4) Col. Richard Kemp’s submission on behalf of the High Level Military Group to the ‘United Nations Commission of Inquiry on the 2018 Protests in the Occupied Palestinian Territory’ (the ‘Great Return March’) is available here.

“The terms of this mandate are self-evidently biased against the State of Israel and the IDF. The context cited: ‘the military assaults on the large-scale civilian protests’ make clear that the UNHRC either failed to understand what was happening on the ground or deliberately misrepresented the reality. In addition, the Commission’s mandate terms the Gaza Strip ‘Occupied Palestinian Territories’, which it is not. This gives us cause for concern that the COI which has accepted this biased mandate will fail to produce a fair and objective report into these events. This concern is reinforced by the history of anti-Israel bias by the UNHRC and previous COIs into violence in Gaza.”

BBC News continues to sell audiences short on Jerusalem

Following the December 15th announcement by the Australian prime minister the BBC News website published an article titled “Australia recognises West Jerusalem as Israeli capital“.

As has been the case in several previous articles relating to recognition of Jerusalem as Israel’s capital, a problematic backgrounder video by Yolande Knell dating from December 2017 was promoted in this latest report. 

Also in common with similar previous reports, readers were told that:

“US President Donald Trump drew international criticism last year when he reversed decades of American foreign policy by recognising the ancient city as Israel’s capital. The US embassy was relocated from Tel Aviv to Jerusalem in May.”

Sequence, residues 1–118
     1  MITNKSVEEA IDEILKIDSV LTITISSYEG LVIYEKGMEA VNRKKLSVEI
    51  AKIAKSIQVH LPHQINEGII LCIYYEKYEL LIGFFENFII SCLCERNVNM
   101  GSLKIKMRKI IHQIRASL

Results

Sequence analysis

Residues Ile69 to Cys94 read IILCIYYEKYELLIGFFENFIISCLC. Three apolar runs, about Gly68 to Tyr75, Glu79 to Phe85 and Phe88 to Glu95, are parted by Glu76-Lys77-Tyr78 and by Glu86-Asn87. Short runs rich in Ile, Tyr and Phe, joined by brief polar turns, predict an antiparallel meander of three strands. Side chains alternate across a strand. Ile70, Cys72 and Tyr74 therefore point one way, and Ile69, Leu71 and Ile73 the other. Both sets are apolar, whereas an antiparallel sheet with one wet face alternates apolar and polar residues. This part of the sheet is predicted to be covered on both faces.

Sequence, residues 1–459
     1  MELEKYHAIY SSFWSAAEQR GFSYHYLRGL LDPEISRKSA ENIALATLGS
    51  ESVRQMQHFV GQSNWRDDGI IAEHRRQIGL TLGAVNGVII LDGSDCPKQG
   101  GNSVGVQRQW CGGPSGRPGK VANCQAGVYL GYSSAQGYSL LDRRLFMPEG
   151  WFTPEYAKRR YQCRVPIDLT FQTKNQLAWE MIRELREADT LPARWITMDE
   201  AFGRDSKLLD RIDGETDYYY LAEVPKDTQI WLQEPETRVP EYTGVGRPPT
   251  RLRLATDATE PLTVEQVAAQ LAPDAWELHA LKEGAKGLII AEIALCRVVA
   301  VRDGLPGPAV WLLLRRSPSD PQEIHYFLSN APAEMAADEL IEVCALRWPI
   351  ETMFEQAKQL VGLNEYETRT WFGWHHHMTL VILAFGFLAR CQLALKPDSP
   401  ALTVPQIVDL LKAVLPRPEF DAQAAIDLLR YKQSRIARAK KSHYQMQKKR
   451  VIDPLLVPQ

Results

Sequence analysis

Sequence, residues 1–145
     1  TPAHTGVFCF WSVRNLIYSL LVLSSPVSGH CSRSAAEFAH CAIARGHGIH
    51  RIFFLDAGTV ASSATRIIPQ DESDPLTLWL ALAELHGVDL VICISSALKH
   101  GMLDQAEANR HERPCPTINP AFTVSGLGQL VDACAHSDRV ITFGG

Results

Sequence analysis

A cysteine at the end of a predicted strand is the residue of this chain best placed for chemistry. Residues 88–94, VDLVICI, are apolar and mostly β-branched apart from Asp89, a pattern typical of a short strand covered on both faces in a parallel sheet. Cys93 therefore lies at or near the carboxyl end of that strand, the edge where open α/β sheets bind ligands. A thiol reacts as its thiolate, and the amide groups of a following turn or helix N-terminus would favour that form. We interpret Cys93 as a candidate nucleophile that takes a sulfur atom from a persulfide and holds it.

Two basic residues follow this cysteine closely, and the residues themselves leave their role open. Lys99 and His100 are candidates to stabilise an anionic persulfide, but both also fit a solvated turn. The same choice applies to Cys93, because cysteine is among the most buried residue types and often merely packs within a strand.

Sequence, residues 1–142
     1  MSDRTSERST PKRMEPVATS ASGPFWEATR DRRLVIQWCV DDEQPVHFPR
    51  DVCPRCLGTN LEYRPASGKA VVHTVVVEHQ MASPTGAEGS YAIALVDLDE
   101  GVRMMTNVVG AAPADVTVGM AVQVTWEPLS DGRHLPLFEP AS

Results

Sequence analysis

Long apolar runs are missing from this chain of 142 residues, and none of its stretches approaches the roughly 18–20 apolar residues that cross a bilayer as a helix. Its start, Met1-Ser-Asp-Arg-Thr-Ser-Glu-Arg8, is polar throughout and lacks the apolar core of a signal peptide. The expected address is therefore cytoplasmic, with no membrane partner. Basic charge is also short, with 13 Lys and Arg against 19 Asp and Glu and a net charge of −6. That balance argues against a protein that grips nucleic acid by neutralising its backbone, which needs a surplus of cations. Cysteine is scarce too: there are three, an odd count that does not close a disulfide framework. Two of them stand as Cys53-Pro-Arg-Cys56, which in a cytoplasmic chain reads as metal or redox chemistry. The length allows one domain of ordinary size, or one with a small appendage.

The fact that the US Congress actually voted to recognise Jerusalem as Israel’s capital over two decades ago was yet again concealed from audience view.

Under the sub-heading “Why is the status of Jerusalem so contentious?” readers saw the background to the story portrayed thus:

“The status of Jerusalem goes to the heart of the Israeli-Palestinian conflict.

Israel regards Jerusalem as its “eternal and undivided” capital, while the Palestinians claim East Jerusalem – occupied by Israel in the 1967 Middle East war – as the capital of a future state.

Israeli sovereignty over Jerusalem has never been recognised internationally, and according to the 1993 Israel-Palestinian peace accords, the final status of Jerusalem is meant to be discussed in the latter stages of peace talks.

Since 1967, Israel has built a dozen settlements, home to about 200,000 Jews, in East Jerusalem. These are considered illegal under international law, though Israel disputes this.

In December 2017, UN member states voted decisively at the General Assembly in favour of a resolution effectively declaring US recognition of Jerusalem as Israel’s capital to be “null and void” and demanding it be cancelled.”

Similar or identical portrayals have often been seen by visitors to the BBC News website in the past; most recently in November 2018 and October 2018.